100 Years On: Sacco & Vanzetti

On May 5, 1920, Nicola Sacco and Bartolomeo Vanzetti were arrested and charged with the murder of two men during a robbery in Braintree, Massachusetts. Their arrest was controversial, and the public reacted to what was perceived as anti-Italian and anti-Anarchist motives amongst the arresting police force. Over the past century, their case has been endlessly argued. Some think they were simply violent thieves who murdered in cold blood, others looked at contradictory evidence presented during the trial and concluded that they were easy scapegoats for an unsolvable crime. The two were executed seven years later, and in August of 1927, protests erupted not only in every North American city, but also in most international capitals.

The morning after the execution, The St. Louis Post-Dispatch reported that over two hundred were injured during a protest in Paris. Controversially, Sacco and Vanzetti were members of the Galleanists, an Italian Anarchist group who advocated for violent strikes against capitalist targets. This was done mostly through bombing, but it's unclear how much participation Sacco and Vanzetti had in the group. The Wall Street Bombing of 1920, thought to be in response to their arrest, killed 30 people and injuring hundreds. At the time it was the worst terrorist attack on American soil.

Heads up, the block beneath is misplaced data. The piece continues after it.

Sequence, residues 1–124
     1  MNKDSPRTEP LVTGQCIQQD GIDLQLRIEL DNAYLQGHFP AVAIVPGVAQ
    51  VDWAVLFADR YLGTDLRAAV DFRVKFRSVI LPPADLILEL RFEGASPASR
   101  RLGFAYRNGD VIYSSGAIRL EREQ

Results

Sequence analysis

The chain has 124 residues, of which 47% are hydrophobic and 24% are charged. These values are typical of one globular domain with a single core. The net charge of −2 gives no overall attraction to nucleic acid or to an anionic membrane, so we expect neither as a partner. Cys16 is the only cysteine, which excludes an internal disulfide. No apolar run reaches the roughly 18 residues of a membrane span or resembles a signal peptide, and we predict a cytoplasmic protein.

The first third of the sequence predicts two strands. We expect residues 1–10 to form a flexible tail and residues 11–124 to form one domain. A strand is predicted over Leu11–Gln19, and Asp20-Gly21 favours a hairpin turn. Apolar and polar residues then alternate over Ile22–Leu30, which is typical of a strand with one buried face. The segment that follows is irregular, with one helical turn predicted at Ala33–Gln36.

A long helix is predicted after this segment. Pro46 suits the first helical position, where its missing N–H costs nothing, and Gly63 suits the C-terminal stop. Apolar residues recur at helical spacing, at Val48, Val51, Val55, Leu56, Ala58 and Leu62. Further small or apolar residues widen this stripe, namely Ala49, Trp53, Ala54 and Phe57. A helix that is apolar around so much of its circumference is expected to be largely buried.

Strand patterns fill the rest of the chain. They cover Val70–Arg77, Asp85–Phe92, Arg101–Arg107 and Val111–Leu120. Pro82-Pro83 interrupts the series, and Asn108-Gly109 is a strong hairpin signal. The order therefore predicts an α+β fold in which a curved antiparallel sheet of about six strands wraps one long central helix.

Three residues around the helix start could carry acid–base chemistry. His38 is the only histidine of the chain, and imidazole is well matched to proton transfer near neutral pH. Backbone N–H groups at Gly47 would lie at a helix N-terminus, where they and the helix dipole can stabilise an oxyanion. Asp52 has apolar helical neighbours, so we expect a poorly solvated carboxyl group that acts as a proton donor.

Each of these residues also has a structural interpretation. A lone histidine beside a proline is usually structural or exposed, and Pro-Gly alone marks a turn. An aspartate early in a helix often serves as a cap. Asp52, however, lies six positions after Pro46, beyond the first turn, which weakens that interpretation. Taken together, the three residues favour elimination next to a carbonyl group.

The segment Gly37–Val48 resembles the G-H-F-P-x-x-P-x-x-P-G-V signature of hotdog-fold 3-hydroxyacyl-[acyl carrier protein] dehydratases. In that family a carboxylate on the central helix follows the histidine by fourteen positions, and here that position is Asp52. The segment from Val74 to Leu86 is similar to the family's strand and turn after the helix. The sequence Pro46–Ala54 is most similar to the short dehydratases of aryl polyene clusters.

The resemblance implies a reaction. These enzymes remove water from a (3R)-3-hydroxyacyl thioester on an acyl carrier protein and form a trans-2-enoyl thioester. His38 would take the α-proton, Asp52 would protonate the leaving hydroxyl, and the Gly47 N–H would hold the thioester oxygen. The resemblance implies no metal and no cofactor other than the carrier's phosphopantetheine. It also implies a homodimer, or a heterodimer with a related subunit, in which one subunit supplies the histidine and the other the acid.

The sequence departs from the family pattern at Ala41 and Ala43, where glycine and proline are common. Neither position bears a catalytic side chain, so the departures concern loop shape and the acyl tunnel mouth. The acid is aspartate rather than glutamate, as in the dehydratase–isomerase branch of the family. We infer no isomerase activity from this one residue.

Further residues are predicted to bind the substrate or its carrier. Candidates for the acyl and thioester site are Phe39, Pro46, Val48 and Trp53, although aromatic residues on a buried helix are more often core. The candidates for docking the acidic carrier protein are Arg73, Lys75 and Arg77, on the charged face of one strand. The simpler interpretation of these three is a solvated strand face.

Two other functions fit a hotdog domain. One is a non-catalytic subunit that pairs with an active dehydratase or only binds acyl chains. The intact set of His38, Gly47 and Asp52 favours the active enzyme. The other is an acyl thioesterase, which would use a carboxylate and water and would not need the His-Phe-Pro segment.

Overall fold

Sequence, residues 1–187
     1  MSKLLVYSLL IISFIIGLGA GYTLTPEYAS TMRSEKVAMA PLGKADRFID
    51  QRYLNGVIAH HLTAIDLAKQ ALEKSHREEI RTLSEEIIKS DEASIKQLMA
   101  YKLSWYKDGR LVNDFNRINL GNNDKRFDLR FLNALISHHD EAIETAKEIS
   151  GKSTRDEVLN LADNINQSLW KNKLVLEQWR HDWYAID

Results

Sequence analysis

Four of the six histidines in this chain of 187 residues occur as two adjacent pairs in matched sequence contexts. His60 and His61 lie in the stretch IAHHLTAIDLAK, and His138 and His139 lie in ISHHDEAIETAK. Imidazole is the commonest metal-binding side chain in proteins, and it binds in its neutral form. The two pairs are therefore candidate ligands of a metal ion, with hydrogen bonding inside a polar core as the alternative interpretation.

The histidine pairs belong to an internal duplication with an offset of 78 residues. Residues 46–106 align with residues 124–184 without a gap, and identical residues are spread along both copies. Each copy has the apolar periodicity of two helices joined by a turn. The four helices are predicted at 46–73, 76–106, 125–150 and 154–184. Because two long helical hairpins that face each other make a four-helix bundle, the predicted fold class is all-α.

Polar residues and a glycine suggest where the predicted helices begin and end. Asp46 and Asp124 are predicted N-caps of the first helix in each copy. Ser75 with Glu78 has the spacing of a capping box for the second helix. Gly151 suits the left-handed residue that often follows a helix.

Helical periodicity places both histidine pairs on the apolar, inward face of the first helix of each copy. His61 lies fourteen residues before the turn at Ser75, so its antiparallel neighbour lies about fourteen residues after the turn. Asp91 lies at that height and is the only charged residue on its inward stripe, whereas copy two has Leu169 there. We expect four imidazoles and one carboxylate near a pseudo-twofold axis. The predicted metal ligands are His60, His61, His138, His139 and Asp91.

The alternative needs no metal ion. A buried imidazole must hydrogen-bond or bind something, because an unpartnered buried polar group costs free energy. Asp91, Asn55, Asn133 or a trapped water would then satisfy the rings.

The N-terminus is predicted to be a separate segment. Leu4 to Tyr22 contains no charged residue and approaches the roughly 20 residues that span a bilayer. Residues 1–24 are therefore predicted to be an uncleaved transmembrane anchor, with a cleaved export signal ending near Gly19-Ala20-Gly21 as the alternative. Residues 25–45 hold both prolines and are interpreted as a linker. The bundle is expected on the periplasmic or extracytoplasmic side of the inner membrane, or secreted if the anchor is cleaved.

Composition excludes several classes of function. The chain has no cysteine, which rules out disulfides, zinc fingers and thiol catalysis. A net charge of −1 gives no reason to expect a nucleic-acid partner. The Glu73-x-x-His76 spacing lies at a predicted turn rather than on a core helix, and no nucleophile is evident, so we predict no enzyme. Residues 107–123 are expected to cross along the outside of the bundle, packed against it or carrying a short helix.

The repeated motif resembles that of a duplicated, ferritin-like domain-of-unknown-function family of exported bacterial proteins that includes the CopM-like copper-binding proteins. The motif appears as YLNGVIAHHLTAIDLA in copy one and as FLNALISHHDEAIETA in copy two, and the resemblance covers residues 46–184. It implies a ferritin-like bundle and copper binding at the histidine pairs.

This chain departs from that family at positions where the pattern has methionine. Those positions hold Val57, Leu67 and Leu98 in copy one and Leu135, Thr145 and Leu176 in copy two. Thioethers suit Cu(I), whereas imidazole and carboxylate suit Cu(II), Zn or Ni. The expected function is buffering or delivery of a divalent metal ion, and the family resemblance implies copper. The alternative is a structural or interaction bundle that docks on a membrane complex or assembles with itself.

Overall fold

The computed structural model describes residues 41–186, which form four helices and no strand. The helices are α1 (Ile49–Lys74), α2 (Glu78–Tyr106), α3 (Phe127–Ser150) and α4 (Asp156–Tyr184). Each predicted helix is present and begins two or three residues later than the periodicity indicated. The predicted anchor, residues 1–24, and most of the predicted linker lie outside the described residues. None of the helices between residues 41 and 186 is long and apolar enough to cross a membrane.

Fifty years after their execution, Governor Michael Dukakis declared August 23, 1977, to be Sacco and Vanzetti Memorial Day in the state of Massachusetts. He acknowledged that they were denied their civil liberties and treated unfairly. Unfortunately, this was not the last time that high-profile arrests of minorities were challenged for being prejudicial.  In 2009, Henry Louis Gates, Jr., a Harvard professor, was arrested outside of his home by Cambridge police who were responding to a 911 call saying that Gates was attempting to break into his own residence. Last year, two African-American men were arrested in Philadelphia for sitting in a Starbucks without ordering anything. History can repeat, but it can also rhyme. What changes aren't prejudicial abuses by those in authority, but instead the list of groups who are being persecuted.

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